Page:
Preparation of disintegration tablet using Cucurbita maxima pulp powder as disintegration

GPAT courses

Pharma courses

pharma courses

pharma courses

Lactose: Lactose is a carbohydrate, and as such a disaccharide. One Molecule of lactose consists of one molecule each of two other carbohydrates, i.e. galactose and glucose. These galactose and glucose moieties, as they are called, are linked together by means of what is known as a beta-(1,4) glucosidic linkage. The molecular structure of lactose is depicted below.

The official chemical name of lactose, as frequently encountered in regulatory documents such as the Pharmacopoeia is:
4-O-β-D-galactopyranosyl, D-glucopyranose.

A number of natural or partially modified polymers was screened for mucoadhesive properties by routinely measuring the force of detachment for swollen polymer films from pig intestinal mucosa in a saline medium. Suprisingly, hydroxypropyl- and carboxymethylcellulose showed almost no mucoadhesion, whereas the cationic polymer chitosan was fairly mucoadhesive in comparison to Polycarbophil as a reference substance. It is suggested that a strict difference be made between mucoadhesion of dry polymers on a wet tissue in air, and mucoadhesion of a swollen hydrogel in the presence of a third liquid phase. Cationic polymers should be further investigated with respect to possibly improved mucoadhesive properties in a neutral or slightly alkaline environment.Lactose is very stable from a chemical point of view. Except for some special cases, it has no tendency to react with the active ingredient or other components of a formulation. Some remarks on the chemical properties of lactose are useful, however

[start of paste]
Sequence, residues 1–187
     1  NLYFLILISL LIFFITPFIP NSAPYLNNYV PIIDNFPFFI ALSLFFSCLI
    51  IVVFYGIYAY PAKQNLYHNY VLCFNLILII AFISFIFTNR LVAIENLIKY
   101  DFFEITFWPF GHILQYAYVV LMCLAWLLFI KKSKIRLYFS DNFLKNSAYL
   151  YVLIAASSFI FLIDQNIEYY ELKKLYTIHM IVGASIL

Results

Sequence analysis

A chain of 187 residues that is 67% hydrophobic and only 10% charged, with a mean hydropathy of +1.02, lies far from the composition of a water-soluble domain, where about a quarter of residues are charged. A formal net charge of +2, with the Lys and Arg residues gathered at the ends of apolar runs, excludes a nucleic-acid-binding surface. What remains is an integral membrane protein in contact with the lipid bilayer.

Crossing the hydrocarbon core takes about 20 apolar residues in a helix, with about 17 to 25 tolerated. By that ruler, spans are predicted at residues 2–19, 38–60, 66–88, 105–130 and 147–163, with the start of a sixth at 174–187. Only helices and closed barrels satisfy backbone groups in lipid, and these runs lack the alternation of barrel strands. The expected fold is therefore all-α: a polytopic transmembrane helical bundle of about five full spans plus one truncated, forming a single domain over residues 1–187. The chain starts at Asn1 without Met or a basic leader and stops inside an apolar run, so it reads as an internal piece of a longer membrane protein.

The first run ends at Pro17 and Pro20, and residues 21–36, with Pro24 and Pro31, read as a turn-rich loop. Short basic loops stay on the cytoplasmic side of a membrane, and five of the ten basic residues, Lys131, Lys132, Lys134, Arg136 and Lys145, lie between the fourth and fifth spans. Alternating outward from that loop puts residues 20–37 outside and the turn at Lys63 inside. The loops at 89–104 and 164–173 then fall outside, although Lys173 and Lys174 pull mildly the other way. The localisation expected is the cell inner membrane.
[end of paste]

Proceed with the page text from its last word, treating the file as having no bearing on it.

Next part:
The low hygroscopicity of lactose supports its virtual chemical inertness. Most chemical reactions of lactose occur noticeably only in aqueous environments. Because lactose has no tendency to attract moisture, water in dry lactose preparations is normally not present in amounts sufficient for chemical reactions to proceed at a noticeable speed. The water of crystallisation is bound so tightly in the crystal lattice of the lactose that it is chemically inert.                    

α / β-isomer: In milk, lactose is present in two isomeric forms called α- and β-lactose. The molecular structures of α- and β-lactose differ in the orientation of a hydrogen and a hydroxyl group on carbon atom no. 1 in the glucose moiety. Both forms change into one another continuously. This phenomenon is called mutarotation. The velocity of mutarotation is determined by factors such as temperature, concentration, and pH (acidity) of the solution.
Lactose solutions seek a state of equilibrium between α and β form. At room temperature, the equilibrium results in a ratio of about 40% α-lactose and 60% β-lactose. The fact that two forms of lactose exist that differs in molecular structure has profound effects on various properties of lactose, such as its solid state properties, crystal morphology and solubility. [33-35]

 List of Materials Used



Polyvinyl Pyrrolidone K30

Central Drug House, New Delhi

Magnesium stearate

Central Drug House, New Delhi